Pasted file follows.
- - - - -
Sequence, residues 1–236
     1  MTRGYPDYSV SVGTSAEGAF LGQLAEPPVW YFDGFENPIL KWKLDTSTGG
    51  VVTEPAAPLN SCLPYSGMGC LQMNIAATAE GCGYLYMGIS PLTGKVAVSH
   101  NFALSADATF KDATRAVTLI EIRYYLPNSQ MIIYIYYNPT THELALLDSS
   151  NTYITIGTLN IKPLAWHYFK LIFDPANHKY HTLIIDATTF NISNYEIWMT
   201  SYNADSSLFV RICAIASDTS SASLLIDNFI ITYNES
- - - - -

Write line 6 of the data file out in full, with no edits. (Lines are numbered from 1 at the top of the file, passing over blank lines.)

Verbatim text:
   201  SYNADSSLFV RICAIASDTS SASLLIDNFI ITYNES